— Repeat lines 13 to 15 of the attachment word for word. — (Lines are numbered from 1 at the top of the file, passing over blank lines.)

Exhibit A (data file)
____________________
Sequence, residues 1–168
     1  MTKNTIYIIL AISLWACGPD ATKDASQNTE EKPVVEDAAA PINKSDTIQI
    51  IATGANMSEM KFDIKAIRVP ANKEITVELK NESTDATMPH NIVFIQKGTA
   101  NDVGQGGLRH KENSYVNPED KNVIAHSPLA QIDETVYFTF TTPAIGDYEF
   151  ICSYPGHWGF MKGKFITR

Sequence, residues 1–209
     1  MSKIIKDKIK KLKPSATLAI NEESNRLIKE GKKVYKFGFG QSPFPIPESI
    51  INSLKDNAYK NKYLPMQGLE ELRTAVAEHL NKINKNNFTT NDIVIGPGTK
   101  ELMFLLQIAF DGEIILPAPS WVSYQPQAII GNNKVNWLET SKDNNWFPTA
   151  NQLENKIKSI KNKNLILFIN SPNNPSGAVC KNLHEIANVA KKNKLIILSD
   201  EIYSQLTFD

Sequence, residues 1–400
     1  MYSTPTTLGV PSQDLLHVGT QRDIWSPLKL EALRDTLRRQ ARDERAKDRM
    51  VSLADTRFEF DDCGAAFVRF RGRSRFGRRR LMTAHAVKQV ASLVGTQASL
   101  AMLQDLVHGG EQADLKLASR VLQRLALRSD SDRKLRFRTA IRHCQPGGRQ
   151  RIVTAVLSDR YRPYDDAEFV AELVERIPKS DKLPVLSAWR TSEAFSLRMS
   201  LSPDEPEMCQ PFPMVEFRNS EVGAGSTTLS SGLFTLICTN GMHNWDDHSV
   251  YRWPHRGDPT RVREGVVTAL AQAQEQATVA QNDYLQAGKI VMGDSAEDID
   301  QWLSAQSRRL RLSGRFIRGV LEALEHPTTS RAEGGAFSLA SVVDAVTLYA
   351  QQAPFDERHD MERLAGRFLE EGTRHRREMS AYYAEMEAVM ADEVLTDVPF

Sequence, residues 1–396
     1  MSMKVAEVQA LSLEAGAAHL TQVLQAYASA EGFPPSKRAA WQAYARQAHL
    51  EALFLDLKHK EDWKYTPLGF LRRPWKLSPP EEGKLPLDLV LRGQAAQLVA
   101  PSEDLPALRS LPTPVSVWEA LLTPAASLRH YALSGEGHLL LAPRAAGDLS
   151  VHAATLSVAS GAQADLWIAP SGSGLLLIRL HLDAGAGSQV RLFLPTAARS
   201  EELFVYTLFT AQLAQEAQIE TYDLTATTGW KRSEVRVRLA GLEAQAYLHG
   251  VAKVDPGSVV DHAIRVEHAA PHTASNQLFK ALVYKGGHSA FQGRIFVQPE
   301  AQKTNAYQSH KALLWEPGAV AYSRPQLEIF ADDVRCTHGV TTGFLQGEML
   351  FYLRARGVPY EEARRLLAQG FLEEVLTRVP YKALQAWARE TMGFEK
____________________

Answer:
     1  MYSTPTTLGV PSQDLLHVGT QRDIWSPLKL EALRDTLRRQ ARDERAKDRM
    51  VSLADTRFEF DDCGAAFVRF RGRSRFGRRR LMTAHAVKQV ASLVGTQASL
   101  AMLQDLVHGG EQADLKLASR VLQRLALRSD SDRKLRFRTA IRHCQPGGRQ